A Travellerspoint blog

candle festing!

the celebration before Buddhist Lent

sunny 100 °F

The Candle Festival.

I feel like there should be a lot to say about the Candle Festival—I mean, as the biggest event in Ubon, it should have more stories behind it than mine seems to. Don't get me wrong, the festival was awesome, just not particularly story filled.

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Ubon's iconic giant candle statue in the middle of the park.

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(that says Ubon Classic on the windshield)

The general scene:
Everything was centered around the park, which was loaded with food stalls, a carnival, a market, and people. The main stage was there, though I didn't watch any of those performances. The main street was shut down for the parading of the candles and the dancers. I have some videos to give you the full effect (the music is necessary) and will load them once not hindered by a fire wall.

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At the museum, they had all kinds of cool, wax related art.

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How it's done

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Me, looking tall with the Chinese teacher.

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The candles were enormous! Wats from around the around have been working for months, carving these giant wax sculptures. The tradition originated from the days when people would donate candles to give the monks light during the rainy season, but I'm not too sure when the crossover from practical candles to "Woah, that's a crazy candle" was made. The transportation of these things must have been horrendous. I mean, I was drove behind our Mardi Gras float down I-10 at 40 mph, but that pales in comparison.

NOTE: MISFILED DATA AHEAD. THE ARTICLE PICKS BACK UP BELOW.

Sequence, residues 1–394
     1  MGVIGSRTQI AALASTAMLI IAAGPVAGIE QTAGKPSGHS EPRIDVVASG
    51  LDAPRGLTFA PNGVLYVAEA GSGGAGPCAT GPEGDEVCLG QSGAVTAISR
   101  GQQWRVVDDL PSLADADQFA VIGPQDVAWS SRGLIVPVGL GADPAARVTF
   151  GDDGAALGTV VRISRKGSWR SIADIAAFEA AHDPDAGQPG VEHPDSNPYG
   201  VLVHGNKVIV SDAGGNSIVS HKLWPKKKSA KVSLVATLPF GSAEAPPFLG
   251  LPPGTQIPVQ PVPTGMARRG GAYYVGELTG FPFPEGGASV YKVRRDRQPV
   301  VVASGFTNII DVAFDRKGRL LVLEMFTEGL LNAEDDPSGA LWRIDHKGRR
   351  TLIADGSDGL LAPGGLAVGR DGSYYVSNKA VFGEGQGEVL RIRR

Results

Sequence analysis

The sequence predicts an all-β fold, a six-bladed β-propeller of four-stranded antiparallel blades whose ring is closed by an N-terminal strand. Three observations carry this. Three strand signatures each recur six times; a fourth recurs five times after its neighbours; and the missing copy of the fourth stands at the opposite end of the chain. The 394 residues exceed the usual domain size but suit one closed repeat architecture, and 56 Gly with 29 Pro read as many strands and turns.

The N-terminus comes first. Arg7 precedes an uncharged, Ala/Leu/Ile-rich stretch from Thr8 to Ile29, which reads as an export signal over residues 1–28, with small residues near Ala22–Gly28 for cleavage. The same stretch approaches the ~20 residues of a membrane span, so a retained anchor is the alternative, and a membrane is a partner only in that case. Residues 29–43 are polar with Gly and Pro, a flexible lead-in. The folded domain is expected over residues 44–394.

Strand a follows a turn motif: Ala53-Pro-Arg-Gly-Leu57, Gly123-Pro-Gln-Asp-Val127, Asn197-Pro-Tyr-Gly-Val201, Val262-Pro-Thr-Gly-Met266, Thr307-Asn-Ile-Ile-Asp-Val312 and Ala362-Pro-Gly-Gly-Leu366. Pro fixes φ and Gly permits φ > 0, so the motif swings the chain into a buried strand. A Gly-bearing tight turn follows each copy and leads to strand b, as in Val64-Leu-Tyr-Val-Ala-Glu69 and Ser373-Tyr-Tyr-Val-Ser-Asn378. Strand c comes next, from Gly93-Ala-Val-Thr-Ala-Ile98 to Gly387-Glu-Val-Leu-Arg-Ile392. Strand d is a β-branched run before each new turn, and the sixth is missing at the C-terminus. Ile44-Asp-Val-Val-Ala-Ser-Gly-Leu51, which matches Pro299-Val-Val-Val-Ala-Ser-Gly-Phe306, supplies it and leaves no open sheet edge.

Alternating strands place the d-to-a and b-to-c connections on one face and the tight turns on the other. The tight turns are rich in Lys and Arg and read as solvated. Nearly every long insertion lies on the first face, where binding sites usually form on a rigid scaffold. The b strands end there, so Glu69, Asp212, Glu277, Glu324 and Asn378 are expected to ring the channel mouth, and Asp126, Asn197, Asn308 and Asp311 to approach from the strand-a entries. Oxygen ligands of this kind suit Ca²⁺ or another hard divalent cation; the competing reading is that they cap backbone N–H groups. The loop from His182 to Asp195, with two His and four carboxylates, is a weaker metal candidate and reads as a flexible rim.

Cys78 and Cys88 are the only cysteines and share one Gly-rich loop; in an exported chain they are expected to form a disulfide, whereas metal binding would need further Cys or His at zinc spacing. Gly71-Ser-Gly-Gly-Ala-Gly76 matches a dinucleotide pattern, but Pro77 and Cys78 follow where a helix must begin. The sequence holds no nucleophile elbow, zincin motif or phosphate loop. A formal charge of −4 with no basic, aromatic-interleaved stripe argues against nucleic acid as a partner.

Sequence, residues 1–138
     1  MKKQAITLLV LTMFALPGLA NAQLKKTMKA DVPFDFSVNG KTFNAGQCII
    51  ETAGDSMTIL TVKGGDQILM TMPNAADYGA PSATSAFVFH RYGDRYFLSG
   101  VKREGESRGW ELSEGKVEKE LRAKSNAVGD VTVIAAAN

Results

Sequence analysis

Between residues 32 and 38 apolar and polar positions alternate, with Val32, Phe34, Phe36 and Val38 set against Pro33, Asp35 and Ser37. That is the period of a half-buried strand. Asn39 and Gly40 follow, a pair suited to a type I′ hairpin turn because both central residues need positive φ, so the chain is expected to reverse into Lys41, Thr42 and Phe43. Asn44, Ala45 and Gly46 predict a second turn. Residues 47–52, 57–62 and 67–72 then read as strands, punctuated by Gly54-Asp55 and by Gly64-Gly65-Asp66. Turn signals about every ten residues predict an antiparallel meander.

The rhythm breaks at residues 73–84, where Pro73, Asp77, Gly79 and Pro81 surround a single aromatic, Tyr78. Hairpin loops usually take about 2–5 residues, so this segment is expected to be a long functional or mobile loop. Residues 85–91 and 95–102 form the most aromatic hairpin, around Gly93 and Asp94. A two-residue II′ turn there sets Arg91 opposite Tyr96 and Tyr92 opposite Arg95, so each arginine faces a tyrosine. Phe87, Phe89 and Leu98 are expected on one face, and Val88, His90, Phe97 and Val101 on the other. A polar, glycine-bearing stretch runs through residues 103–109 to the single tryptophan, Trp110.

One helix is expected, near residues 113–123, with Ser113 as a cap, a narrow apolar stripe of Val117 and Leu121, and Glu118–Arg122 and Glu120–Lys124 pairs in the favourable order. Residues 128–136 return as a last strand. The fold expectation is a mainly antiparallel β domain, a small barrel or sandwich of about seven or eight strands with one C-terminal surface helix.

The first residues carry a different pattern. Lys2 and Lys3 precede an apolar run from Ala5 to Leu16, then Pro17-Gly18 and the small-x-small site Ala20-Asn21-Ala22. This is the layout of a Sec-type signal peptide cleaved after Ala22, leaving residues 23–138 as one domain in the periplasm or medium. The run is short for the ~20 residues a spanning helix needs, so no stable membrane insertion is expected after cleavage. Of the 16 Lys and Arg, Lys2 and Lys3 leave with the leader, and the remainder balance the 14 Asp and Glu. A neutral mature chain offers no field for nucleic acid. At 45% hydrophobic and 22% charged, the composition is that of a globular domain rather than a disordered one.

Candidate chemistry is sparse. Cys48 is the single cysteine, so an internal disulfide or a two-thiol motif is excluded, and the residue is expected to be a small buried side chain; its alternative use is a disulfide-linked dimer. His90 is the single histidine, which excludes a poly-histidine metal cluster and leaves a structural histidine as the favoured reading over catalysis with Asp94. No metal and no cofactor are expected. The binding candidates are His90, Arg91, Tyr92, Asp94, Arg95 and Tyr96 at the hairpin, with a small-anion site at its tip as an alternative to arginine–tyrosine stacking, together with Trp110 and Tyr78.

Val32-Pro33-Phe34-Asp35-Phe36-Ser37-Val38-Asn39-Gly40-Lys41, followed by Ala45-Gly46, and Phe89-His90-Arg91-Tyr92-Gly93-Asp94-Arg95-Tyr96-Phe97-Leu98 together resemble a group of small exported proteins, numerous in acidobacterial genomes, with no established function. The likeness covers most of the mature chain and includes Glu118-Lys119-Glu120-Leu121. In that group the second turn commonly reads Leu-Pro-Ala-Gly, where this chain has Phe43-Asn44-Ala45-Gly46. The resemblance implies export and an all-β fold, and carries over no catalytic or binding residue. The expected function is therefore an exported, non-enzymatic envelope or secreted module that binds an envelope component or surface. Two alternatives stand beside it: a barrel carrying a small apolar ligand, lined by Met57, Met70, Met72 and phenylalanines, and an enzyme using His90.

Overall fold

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And with music! The candles never went anywhere without music.

The first parade was at night. Ericka had come in from Phitsanolok and we grabbed seats under the covered area. Excellent for watching, not too great for photos. Some attempts:

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Yes, it was raining.

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Candle Float! pulled by a tractor!

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After the parade, I made it back to the candle parking grounds and snagged some close ups.

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Most of the candles play out different religious scenes. You'll see some of the detail in later photos.

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MULLET ATTACK.

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The next morning they did it all again, this time not in the rain but in the incredibly hot temperatures.

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The Thai parade route. Study this picture for a moment--the positions, the fashion styles. Remember all of this so as not to make fun of me on my return.

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These dancers were depicting normal life in Isaan... all of their props are used for fishing.